Asian-American Identity Erasure
Tue, May 17, 2022
Identity erasure of Asian-Americans in school curriculum is an issue that stems from a variety of societal issues in the United States. With hate crimes and other forms of discrimination toward Asian-Americans on-the-rise, the understanding and implementation of inclusivity practices in the classroom is imperative for all of your students. In this video we hear from Kabby Hong about how teachers can approach the implementation of a more inclusive curriculum and discussions with students surrounding identity.
Growing up without representation in the curriculum can make students feel like they do not belong. Continue learning and making your education spaces more inclusive with the following free, high-quality educational media from PBS Wisconsin Education and PBS LearningMedia.
- Jelly, Ben and Pogo (grades 4K-2)
- PBS KIDS Talk About Race and Racism (grades 4K-3)
- “Proud of Your Eyes” song | Sesame Street in Communities (Grades K-2)
- Tomioka Tessai | Xavier Riddle and the Secret Museum (Grades K-2)
- “Hero Maker” game | Xavier Riddle and the Secret Museum (Grades K-2)
- Asian-Pacific American Heritage Month | All About the Holidays, PBS LearningMedia (Grades K-5)
- Joe Bee Xiong | Wisconsin Biographies (Grades 3-6)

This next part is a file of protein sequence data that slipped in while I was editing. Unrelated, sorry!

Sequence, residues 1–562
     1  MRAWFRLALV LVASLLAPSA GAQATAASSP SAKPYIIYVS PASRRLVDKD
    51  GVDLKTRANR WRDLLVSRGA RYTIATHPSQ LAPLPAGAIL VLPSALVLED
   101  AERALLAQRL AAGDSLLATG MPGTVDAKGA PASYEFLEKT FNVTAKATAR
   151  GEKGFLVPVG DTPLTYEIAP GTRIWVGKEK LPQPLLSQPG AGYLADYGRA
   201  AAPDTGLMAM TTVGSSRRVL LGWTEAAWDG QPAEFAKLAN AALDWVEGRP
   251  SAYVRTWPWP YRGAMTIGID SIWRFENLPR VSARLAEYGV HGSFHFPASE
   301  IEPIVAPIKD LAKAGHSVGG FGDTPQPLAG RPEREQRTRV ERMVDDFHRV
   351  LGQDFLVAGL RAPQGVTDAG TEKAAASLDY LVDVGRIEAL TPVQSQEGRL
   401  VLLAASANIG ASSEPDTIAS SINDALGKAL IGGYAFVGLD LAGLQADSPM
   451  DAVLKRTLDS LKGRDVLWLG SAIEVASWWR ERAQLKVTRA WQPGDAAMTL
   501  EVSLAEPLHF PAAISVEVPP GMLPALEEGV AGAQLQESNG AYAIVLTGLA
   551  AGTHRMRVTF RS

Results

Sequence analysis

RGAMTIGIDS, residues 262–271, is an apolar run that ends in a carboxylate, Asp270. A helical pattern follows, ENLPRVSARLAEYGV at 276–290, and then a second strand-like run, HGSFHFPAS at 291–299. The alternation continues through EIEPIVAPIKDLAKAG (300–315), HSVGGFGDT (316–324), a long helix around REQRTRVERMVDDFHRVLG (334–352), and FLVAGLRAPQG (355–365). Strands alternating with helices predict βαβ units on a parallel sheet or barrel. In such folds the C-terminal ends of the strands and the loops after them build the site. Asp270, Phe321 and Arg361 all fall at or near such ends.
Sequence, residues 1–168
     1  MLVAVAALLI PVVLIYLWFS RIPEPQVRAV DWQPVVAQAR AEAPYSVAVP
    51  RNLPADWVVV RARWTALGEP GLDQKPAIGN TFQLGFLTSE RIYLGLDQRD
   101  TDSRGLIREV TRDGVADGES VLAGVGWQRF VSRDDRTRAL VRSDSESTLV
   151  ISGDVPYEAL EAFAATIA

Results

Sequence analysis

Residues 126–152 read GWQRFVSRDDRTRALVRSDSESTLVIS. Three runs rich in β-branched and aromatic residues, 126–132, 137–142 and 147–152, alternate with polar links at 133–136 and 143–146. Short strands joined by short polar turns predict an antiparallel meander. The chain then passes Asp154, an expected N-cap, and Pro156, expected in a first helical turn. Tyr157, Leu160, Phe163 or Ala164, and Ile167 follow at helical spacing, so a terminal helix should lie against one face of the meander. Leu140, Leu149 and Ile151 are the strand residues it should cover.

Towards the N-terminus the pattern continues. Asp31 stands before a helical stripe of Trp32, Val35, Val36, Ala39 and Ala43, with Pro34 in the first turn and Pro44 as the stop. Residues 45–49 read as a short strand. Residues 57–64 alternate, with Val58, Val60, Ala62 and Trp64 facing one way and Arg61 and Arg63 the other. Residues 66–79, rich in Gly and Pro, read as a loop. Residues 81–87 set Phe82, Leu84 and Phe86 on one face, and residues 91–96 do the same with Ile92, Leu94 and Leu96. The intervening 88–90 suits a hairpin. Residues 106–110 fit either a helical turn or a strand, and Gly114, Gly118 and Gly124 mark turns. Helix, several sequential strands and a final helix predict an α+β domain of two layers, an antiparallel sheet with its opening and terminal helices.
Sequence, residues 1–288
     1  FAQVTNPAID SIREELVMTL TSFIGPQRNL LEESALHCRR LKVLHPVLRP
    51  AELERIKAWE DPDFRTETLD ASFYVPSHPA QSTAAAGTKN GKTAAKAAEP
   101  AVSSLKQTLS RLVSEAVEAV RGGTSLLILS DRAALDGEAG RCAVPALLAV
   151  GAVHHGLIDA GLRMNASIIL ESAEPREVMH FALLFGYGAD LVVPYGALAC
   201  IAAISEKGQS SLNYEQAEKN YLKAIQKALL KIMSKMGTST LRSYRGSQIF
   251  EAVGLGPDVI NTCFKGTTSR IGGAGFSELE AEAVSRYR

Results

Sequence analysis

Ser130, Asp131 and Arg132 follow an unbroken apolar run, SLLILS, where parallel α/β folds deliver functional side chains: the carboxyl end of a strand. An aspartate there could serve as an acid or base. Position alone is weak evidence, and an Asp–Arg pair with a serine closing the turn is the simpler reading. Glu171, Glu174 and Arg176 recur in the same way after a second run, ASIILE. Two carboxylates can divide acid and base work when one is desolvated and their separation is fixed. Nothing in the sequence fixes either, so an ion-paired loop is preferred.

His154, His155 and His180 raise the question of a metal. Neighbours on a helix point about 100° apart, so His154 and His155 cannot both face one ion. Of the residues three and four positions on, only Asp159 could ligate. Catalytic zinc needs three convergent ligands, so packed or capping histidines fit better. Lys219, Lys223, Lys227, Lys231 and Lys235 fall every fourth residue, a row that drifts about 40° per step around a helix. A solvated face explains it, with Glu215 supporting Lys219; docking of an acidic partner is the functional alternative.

- Maa Vue | Re/sound: Songs of Wisconsin (Grades 4-8)
- Asian Americans documentary and classroom resources | PBS LearningMedia (Grades 6-12)
- Chinese Exclusion Act | Unladylike collection, PBS LearningMedia (Grades 6-12)
- Solidarity Against the Pandemic of Anti-Asian Hate (grades 6-12)
- Community Activism Against Anti-Asian Racism (grades 6-12)
- Asian Americans Primary Source Set | Digital Public Library of America, PBS LearningMedia (Grades 6-12)
- A Woman’s Life in Central Asia | Teaching With Primary Sources, PBS LearningMedia (Grades 6-12)
- Margaret Chung/ Unladylike 2020 (grades 9-12)
- Should We Change The Way We Designate Hate Crimes? (grades 9-12)
- Why Do We Say ‘Asian American’ And Not ‘Oriental’? (grades 9-12)
Kabby Hong reminds us, “We don’t do diversity work just for our kids of color… it’s incredibly impactful and powerful for all kids.” Creating safe spaces for students to feel comfortable to have important discussions about visibility and representation is impactful. Help address anti-Asian hate and racism and advance equity with Stop Asian American Pacific Islander Hate information and resources.